Spain, Portugal, and the Scandinavian countries. The European Union - its policies,
institutions, and expansion - is fully treated in the course. Prerequisite: POL 261.
POL 375* Politics of the Middle East
A comparative survey of contemporary patterns of government and politics in the
Middle East. The course encompasses most of the countries of the Middle East, including
Egypt, Israel, Lebanon, Jordan, Saudi Arabia, the Gulf States, Iraq, Iran, and
Turkey. North Africa may also be included. Considerable attention is given to the historical
legacies and continuing impact of colonialism and nationalism, political Islam
and secularism, challenges of authority, and legitimacy. The impact on the region and
U.S. foreign policy of the Israeli-Palestinian conflict and regime change in the region
is covered at length. Prerequisite: POL 261. Credit 3.
POL 387 Latin American Politics. A survey of contemporary patterns of government and politics in Latin America
with emphasis on institutions, processes, behavior, and problems of democracy,
authoritarianism, and political development in selected nations. Historical, social,
and economic background factors are also considered, along with major issues of
U.S.-Latin American relations. Prerequisite: POL 261. Credit 3.
Public Administration and Public Policy
POL 338 Victims’ Rights: Politics and Policies. This course introduces students to the politics and policies of victims’ rights. The
course examines the emergence of victims’ rights as a political issue and as a social
movement. The course surveys victims’ rights policies and programs at the local,
state, national, and international level and analyzes their development, their implementation,
and their impact. This is the introductory course for the Victim Studies
Program. Prerequisite: POL 261. Credit 3.
POL 339 The Roles of Nonprofit Organizations. This course introduces students to the history, roles, and types of nonprofit organizations
and offers students an overview of the development of nonprofit organizations.
Topics covered in the course include: nonprofit and government relations, nonprofit
and business relations, nonprofits and policymaking, nonprofits in an international
context, and organizational issues. Prerequisites: 6 hours of Political Science. Credit 3.
*Subject to action by the Board of Regents, The Texas State University System, and the Texas
Higher Education Coordinating Board.
POL 391 Government Organization and Management.
Comparison of governmental organizations within society and analysis of the differences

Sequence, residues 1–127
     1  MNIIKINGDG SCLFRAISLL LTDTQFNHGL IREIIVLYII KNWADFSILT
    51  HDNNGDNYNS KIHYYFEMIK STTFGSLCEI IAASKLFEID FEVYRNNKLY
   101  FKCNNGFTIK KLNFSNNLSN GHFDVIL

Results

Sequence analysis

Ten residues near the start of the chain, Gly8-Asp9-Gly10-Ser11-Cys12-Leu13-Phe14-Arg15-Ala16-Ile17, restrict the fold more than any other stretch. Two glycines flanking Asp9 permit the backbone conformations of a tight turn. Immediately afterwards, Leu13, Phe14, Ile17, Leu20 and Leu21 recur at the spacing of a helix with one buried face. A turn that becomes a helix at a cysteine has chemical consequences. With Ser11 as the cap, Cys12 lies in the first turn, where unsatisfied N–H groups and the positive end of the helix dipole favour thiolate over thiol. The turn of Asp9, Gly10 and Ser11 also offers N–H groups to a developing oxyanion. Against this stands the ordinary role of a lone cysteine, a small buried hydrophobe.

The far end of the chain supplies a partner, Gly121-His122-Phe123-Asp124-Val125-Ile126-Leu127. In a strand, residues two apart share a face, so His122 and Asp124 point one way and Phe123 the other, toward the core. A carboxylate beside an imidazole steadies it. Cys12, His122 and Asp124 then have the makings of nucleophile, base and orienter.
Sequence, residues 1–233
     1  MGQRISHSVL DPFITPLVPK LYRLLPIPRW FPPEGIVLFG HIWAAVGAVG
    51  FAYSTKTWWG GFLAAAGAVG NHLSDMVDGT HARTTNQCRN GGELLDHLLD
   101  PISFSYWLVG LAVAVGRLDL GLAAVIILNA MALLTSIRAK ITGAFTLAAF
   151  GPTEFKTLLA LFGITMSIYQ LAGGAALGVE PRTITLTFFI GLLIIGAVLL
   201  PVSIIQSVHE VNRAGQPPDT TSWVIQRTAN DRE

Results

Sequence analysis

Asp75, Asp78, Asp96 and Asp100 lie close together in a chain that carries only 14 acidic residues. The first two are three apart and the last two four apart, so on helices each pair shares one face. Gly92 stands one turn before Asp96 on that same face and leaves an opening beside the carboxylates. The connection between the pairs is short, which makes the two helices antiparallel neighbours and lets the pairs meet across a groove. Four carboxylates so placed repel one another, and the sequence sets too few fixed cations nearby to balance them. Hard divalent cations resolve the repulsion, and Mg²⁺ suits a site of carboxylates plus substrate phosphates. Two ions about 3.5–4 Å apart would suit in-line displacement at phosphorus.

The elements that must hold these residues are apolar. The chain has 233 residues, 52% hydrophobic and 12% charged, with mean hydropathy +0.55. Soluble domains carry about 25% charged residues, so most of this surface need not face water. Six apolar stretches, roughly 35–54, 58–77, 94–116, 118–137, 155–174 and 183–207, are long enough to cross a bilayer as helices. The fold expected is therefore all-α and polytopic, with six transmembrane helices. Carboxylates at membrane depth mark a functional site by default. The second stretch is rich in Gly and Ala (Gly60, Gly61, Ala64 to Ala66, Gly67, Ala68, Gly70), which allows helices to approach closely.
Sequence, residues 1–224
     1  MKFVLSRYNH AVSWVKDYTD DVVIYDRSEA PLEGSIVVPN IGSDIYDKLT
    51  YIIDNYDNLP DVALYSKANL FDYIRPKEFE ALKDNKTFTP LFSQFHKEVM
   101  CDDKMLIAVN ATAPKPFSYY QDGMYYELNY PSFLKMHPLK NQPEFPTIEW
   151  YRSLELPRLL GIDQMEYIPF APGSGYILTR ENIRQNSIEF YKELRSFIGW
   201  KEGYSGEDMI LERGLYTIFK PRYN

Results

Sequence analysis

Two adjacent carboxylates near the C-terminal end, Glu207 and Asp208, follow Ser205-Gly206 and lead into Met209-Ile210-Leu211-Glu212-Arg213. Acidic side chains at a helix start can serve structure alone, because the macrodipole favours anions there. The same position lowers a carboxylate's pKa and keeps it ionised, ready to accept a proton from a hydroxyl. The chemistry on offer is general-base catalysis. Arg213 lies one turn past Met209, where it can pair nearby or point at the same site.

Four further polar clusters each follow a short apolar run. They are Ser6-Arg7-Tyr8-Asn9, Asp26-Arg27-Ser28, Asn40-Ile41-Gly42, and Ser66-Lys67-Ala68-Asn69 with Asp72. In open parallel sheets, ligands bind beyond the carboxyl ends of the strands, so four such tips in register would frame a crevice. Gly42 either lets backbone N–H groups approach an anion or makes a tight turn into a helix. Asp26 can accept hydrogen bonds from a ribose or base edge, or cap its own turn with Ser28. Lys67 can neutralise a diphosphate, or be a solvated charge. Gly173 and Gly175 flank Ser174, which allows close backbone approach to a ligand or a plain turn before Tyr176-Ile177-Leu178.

and their impact upon practices of administration in public agencies.
Consideration is also given to the management tools available to governmental agencies
and their capabilities and limitations. Prerequisites: 6 hours of Political Science.
POL 392 Economic Policy.
A general study of the role of modern government in the economy and society.
Particular attention is given to governmental activity in regulating and promoting business
activity. Prerequisite: POL 261. Credit 3.
POL 393 Social Policy. A general study of the roles, actions, and problems of modern governments in dealing
with social issues such as education, health, housing, transportation, and welfare
services. Prerequisite: POL 261. Credit 3.
POL 395 Environmental Policy.
A survey of the major environmental issues and policies existing in the United States
and the world today. An in-depth investigation of such environmental policy areas as
clean air and water, endangered species, invasive alien species, public land management,
ecosystem management, the conservation of biodiversity, nuclear power,
waste disposal and energy production and use. Prerequisite: POL 261. Credit 3.
POL 438 Grant Research and Writing.
This course teaches students grant research and writing skills as well as introduces
students to the many sources for grants. Topics covered in the course include: identifying
key grant sources, matching grant proposals to grant sources, planning grants,
and writing successful grant proposals. Prerequisites: 6 hours of Political Science.
POL 410 Seminar in Political Science. Discussions of current literature and developments in political science. Required of
Political Science majors and minors. Prerequisites: 12 hours in Political Science and
junior or senior standing. Credit 1.
POL 481 Problems in Political Science.
This course is designed to examine special topics which cut across the usual areas
of concentration in government. A single topic will be considered each semester this
course is offered. Topics may include political socialization, ethnic politics, crises in
political systems, research techniques, and other subjects. May be repeated when
topic varies. Prerequisites: 6 hours of Political Science. Credit 3.
POL 495 Directed Studies and Internships in Political Science. This course is designed especially for advanced students in Political Science who
are capable of independent study. Work may involve advanced readings, directed
research, or assignment as an intern in a political or government office. Registration
is upon the approval of the Chair of the Department of Political Science and the
instructor directing the course. This course may be taken for Academic Distinction
Credit. Prerequisites: 12 hours of Political Science and departmental permission.